Title: Can You Protect Them: Federal Paranormal Unit
Author: Sheri Lyn & Jennifer Wedmore
Publisher: MTW Press
Genre(s): Contemporary, Paranormal
Page Count: March 21, 2019
Reviewed by: Maya
Heat Level: 3 flames out of 5
Rating: 3 stars out of 5
He was an ordinary guy, who had unusual desires, ones that would dub him a serial killer. Unlike most, he decided to act on his whims. The media dubbed him the Professor, it fit. He was determined to learn new things, stuff others would balk at. The Cops and FBI upped the bets when they caught his trail.
Detective Remington Conahan was a little jaded and a lot dedicated. When the first body is found, he is called because everyone knows he will give her the justice she deserves. No one’s life is worthless to him.
Grayson Knox is the newest member to join the Federal Paranormal Unit. When he gets a call from an old friend that a witch was killed and there is a threat of a new serial killer, he agrees to help with the investigation. What he didn’t expect to find was a man who made him lose sight of why he was here.
When evil masquerades as a regular man and travels the country, can anyone protect them?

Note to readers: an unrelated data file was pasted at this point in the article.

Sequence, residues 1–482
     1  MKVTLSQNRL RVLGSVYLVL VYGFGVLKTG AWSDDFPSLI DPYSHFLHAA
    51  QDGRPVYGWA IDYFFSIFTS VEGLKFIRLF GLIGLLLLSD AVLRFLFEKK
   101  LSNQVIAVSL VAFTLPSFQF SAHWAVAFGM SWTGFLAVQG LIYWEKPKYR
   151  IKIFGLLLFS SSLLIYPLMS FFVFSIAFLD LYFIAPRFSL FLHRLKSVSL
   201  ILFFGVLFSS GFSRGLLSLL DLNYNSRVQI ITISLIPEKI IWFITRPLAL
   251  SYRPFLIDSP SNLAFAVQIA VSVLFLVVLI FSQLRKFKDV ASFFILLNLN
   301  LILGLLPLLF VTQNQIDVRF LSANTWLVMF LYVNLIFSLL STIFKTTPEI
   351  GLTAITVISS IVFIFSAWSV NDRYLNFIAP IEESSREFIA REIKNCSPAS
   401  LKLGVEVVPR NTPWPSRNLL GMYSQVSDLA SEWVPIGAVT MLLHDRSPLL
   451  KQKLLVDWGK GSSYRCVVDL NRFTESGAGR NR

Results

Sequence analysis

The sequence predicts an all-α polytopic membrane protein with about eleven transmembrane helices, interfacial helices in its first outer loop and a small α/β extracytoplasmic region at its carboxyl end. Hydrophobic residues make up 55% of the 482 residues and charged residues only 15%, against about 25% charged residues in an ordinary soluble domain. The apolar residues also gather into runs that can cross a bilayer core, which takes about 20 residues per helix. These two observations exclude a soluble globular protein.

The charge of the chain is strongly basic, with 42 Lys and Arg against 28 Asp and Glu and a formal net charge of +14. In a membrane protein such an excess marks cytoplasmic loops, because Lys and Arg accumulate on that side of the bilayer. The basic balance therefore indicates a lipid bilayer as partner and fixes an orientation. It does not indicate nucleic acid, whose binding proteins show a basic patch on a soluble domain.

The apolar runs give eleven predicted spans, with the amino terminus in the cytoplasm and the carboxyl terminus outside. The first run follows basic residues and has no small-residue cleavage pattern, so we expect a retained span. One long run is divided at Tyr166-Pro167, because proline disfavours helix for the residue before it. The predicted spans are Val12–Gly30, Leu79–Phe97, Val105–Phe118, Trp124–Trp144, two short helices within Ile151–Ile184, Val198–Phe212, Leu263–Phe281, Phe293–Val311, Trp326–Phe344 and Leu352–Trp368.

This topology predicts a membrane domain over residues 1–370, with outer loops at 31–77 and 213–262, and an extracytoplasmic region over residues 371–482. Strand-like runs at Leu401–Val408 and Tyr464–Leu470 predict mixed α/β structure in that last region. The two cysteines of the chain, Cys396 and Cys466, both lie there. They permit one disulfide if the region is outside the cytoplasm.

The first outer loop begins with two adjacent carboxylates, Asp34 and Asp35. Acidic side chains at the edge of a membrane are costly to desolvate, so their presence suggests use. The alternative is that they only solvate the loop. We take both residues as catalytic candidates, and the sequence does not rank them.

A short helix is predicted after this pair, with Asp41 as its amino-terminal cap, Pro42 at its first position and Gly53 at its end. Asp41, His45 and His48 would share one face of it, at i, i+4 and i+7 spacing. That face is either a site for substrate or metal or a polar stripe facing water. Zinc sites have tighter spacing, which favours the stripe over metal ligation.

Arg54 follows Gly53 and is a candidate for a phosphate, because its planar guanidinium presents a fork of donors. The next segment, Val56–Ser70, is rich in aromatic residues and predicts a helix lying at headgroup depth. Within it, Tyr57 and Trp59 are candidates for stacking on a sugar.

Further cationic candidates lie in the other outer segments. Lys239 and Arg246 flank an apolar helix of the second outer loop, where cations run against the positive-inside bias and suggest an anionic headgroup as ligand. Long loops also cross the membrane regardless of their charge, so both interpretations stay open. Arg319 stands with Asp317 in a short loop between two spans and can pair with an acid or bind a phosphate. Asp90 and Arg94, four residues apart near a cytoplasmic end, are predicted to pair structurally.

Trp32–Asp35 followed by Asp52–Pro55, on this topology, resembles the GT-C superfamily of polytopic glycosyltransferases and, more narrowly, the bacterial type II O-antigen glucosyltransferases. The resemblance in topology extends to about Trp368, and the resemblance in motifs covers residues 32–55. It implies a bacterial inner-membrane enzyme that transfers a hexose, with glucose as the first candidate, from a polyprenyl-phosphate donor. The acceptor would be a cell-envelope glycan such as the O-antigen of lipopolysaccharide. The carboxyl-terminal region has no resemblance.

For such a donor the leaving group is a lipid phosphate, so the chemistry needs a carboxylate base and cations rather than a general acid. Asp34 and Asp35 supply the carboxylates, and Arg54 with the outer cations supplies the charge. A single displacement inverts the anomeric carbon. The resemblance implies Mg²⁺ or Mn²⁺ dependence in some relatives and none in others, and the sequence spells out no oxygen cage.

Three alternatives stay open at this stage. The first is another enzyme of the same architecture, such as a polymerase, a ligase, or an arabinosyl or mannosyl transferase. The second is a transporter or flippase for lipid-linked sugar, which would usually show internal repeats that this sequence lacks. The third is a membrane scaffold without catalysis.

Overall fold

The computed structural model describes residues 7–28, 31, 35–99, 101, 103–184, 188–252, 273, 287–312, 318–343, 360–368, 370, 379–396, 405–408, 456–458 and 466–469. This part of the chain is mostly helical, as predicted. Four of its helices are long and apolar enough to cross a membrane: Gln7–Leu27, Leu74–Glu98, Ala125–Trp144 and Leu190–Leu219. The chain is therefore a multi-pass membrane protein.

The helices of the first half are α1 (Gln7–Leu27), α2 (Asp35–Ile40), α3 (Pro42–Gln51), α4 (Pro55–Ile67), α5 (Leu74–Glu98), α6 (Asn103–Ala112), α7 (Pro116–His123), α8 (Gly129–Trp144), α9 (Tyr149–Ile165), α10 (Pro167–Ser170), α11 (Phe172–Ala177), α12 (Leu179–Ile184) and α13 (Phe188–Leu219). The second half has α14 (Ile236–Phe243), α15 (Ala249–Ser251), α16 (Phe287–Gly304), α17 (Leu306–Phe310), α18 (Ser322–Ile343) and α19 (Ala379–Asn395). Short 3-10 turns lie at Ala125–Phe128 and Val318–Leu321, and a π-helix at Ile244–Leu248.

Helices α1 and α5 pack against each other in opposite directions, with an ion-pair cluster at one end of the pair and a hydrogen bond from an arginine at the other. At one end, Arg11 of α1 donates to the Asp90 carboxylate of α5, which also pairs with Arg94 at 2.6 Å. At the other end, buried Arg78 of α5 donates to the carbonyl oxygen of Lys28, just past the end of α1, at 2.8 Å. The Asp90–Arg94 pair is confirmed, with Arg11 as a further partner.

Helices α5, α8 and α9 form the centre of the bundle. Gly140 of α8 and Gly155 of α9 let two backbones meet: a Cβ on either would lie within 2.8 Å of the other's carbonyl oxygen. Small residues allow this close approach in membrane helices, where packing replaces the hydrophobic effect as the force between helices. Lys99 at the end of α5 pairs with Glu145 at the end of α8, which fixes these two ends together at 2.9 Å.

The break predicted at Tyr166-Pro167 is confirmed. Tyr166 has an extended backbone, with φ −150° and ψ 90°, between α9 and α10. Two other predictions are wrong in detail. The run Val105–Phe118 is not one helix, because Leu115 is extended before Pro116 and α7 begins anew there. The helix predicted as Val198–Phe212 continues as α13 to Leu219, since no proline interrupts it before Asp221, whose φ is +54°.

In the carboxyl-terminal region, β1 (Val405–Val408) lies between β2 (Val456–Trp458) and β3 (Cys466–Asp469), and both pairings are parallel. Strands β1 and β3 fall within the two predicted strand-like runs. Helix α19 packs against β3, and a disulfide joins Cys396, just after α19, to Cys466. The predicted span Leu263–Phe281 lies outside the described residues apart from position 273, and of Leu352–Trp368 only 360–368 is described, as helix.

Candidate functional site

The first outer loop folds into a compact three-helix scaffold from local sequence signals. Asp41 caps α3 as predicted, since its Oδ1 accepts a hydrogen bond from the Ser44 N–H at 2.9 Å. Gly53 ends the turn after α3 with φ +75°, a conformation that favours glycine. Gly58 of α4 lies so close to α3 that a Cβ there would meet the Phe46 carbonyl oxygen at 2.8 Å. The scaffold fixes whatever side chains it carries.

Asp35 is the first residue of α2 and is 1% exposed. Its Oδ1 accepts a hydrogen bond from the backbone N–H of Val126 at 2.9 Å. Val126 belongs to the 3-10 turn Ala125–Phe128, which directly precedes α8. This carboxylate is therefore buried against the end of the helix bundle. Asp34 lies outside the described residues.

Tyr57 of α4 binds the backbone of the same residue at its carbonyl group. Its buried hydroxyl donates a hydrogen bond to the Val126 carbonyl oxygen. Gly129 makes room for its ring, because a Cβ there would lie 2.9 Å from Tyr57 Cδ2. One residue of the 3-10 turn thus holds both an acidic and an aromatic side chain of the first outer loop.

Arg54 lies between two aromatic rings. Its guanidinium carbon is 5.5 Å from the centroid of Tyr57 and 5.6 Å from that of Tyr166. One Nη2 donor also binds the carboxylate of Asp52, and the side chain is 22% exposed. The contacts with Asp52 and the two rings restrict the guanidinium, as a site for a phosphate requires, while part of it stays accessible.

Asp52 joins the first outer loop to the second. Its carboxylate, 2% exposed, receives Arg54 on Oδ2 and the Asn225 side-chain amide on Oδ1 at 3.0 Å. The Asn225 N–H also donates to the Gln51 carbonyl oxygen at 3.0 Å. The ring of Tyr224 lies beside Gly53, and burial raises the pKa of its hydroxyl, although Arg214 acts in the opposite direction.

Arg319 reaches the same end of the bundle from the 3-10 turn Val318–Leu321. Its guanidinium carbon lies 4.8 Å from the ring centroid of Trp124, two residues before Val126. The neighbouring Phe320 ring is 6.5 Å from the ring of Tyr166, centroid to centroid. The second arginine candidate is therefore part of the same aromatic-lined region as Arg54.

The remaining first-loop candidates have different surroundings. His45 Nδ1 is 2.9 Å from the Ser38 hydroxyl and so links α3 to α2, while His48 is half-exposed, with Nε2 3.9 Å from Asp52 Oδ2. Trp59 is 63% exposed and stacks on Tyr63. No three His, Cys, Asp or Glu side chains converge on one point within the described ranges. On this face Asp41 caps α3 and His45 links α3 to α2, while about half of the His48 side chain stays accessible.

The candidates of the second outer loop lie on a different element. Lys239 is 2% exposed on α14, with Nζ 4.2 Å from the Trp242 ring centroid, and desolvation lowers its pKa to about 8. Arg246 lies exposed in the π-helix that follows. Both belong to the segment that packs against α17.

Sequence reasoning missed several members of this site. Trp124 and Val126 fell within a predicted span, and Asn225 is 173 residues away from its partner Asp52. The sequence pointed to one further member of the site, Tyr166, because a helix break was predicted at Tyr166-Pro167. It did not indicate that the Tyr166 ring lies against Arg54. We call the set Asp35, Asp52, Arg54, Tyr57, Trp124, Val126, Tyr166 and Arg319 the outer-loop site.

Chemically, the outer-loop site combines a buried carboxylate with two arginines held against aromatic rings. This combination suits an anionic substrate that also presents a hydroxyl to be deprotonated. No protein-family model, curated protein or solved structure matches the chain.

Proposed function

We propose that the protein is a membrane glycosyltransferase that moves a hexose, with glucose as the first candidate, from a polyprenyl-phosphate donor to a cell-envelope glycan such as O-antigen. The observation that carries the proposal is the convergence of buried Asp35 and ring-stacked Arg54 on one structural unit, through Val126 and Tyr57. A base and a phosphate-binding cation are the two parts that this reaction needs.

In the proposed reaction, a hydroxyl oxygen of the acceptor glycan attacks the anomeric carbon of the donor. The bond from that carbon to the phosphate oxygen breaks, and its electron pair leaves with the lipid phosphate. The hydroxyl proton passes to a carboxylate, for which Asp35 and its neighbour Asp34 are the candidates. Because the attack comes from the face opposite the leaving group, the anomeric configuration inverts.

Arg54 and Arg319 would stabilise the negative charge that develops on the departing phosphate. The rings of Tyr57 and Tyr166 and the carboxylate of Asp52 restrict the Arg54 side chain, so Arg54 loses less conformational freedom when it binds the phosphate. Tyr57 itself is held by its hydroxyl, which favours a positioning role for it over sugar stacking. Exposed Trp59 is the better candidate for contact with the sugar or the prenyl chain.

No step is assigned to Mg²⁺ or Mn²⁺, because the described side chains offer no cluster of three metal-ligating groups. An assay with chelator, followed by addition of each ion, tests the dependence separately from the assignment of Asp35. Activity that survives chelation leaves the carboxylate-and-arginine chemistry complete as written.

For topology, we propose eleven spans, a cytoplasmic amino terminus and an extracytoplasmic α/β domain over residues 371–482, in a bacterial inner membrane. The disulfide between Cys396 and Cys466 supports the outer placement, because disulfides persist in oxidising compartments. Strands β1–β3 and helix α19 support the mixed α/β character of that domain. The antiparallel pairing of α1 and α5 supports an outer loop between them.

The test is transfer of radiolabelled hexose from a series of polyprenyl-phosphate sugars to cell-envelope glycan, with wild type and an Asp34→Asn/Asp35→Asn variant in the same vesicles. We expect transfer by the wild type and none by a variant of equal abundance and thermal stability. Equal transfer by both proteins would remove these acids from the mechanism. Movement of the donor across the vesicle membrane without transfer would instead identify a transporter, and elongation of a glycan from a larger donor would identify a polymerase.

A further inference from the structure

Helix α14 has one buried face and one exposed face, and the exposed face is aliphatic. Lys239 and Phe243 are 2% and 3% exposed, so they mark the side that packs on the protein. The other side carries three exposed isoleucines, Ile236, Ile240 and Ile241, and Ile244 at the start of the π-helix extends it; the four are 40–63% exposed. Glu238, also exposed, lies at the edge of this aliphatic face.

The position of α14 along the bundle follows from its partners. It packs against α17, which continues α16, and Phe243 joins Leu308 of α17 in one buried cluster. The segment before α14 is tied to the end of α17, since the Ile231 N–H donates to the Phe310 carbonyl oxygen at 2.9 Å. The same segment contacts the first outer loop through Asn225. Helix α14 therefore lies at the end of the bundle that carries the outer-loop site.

Uh oh. I think that this book could use another sweep by editor. I’m not usually picky about editing, my main concern being the story, but in this case mistakes distracted me from the story, at least in the beginning. It did affect my impression of the book and the rating.
It’s appropriately gruesome and has bad guy’s POV which is chillingly insane. I could easily see what this book wanted to be. It’s reminiscent of cop shows with a paranormal twist. There is serial killer, a cop determined to catch him and federal agent who might be either help or nuisance.
The romance plot was a bit rushed and I didn’t see spark between characters, but they were interesting and the plot was engaging enough to keep me reading. It’s a pity there wasn’t more about Grayson, since Remington felt more complete than he. It kept the romance part off balance.
The paranormal part is take or leave it. It doesn’t have any bearing on the story, so I’m assuming it plays a part in future books, but here it was superfluous. But it is unusual and certainly adds unique flavor to the book.